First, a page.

Centennial Boulevard opens, connecting US 41 to SR 776


March 29, 2021

By BETSY CALVERT                                                     STAFF WRITER Port Charlotte Sun

Centennial Boulevard opens, connecting US 41 to SR 776 image

Centennial Boulevard opens, connecting US 41 to SR 776

West Port model homes to open in April

There’s a new connector road in town and it passes through a zone that is part lunar landscape, part meticulous landscaping.  Charlotte County officials celebrated Thursday with multiple developers and contractors for the opening of Centennial Boulevard where it now connects U.S. 41 with State Road 776 for the first time. The tree-lined boulevard is the center spine of a new master- planned development called West Port.

Until recently, the road was called O’Donnell Boulevard, for reasons perhaps only the original 1960s General Development Corporation knows. The region was called Murdock Village, dating back to the 1920s.  “It’s been a long time folks,” said Commissioner Bill Truex.  Truex briefly summarized the history of the region starting with John Milton Murdock who built a small community around the rail line, that is now gone. Murdock dredged some of the canals and General Development did the rest.  General Development also plotted thousands of quarter-acre lots with roads in Murdock Village and not much else in the 1960s. Only a few homes were ever built, and the county commissioners decided about 20 years ago to buy up all the land, or take it by eminent domain, for $128 million.  It’s time to pay back the taxpayers, Truex said.

To pay off that debt, Jim Harvey, president of the main developer Kolter Land Partners, told the small audience gathered that his company estimates the developed land value will be about half-billion dollars.  The area is entitled to about 2,000 homes, with some to be luxury apartments, some to be town homes, and the rest in the $200,000s to $400,000s, according to the signs.

The first home sales will likely be in July, said Harvey. Model homes will be open to view in April.  The site is about 450 acres. The quarter-acre lots were obliterated to make way for about $18 million so far in infrastructure including roads, water and sewer lines. Ultimately, Kolter will spend about $60 million on infrastructure, he said, with most of the water and sewer lines installed over the next four years. Houses will take longer to fill in.  Kolter is partnering not only with the county but with several large home-building companies to build out different villages with names like The Hammocks and The Isles. Home-building companies are Lennar, D.R. Horton, Forestar and M/I Homes, Maronda Homes and Ryan Homes.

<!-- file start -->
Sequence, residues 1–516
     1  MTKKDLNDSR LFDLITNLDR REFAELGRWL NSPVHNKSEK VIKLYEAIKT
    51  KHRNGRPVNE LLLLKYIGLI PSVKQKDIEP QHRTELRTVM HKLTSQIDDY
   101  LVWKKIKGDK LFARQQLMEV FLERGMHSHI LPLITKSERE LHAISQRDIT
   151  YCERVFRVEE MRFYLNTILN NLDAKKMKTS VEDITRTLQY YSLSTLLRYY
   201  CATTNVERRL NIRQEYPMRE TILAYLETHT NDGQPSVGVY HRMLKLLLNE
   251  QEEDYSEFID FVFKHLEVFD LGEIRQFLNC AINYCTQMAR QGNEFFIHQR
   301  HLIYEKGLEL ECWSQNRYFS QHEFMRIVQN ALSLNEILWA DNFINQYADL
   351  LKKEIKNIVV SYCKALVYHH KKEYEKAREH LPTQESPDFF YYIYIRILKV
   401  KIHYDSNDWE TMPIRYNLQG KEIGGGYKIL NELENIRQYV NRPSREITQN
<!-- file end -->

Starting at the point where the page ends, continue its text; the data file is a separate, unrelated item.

Harvey said the community will include retirees and young families. “We’ve got a lot of young families looking for their first home, putting roots down for their children and their children’s children,” Harvey said.  Harvey praised the county for its partnership.  “I’ve got to give Charlotte County a real thumbs up for getting things done, and doing what you say you’re going to do,” he said to the county staff gathered. “This project is a perfect example of a public-private partnership.”

The partnership began when the county sold the land to Kolter for $11.2 million which Kolter gets back when it completes infrastructure improvements that the county needed. Kolter also signed a detailed developer’s agreement. Not everyone was happy with the deal, with some saying the county gave away too much. Commissioner Chris Constance has emphasized that he did not approve of the deal, and he did not attend the ribbon cutting. And the state no longer allows municipal governments to take land by eminent domain for private development. But Thursday was for celebrating.

Kolter Vice President Paul Martin praised numerous contractors in all fields, many of whom were still out moving earth, planting grass and building homes.  “We just think this place is going to blow up and be successful,” Martin said. “There’s no stopping us now.”  Email: betsy.calvert@yoursun.com